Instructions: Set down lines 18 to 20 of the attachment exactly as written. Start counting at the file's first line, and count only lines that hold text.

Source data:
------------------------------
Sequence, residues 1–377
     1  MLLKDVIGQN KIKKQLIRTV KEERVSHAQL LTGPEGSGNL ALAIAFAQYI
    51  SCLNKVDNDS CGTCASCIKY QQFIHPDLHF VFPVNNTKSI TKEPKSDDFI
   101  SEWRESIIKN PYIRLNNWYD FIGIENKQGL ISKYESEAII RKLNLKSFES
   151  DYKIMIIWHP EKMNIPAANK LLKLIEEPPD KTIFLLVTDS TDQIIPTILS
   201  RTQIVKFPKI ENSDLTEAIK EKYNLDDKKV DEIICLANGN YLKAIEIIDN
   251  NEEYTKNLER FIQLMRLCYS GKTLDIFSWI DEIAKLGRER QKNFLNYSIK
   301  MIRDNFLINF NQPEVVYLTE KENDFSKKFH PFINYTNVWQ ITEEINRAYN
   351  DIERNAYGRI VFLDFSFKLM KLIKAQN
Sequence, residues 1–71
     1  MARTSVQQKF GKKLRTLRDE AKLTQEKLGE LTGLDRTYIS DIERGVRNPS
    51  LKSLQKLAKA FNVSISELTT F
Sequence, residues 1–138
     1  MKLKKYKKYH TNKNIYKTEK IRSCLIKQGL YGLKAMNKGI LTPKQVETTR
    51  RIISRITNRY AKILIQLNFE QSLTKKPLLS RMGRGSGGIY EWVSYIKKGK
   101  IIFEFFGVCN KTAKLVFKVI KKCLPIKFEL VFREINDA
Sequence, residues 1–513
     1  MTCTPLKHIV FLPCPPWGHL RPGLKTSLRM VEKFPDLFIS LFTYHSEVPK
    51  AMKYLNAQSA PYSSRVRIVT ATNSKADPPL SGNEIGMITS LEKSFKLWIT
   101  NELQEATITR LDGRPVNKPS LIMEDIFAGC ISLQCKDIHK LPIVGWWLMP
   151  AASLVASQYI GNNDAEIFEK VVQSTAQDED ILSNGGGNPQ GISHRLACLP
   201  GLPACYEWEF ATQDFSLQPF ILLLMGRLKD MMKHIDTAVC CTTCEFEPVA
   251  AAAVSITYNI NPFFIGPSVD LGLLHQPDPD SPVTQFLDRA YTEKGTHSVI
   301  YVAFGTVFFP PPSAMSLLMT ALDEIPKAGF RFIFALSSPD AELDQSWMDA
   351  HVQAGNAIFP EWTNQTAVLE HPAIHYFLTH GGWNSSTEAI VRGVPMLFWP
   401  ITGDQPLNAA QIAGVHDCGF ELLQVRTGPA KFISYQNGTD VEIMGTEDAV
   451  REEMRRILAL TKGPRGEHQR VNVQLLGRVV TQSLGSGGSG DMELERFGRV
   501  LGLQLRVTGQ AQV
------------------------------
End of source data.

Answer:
     1  MTCTPLKHIV FLPCPPWGHL RPGLKTSLRM VEKFPDLFIS LFTYHSEVPK
    51  AMKYLNAQSA PYSSRVRIVT ATNSKADPPL SGNEIGMITS LEKSFKLWIT
   101  NELQEATITR LDGRPVNKPS LIMEDIFAGC ISLQCKDIHK LPIVGWWLMP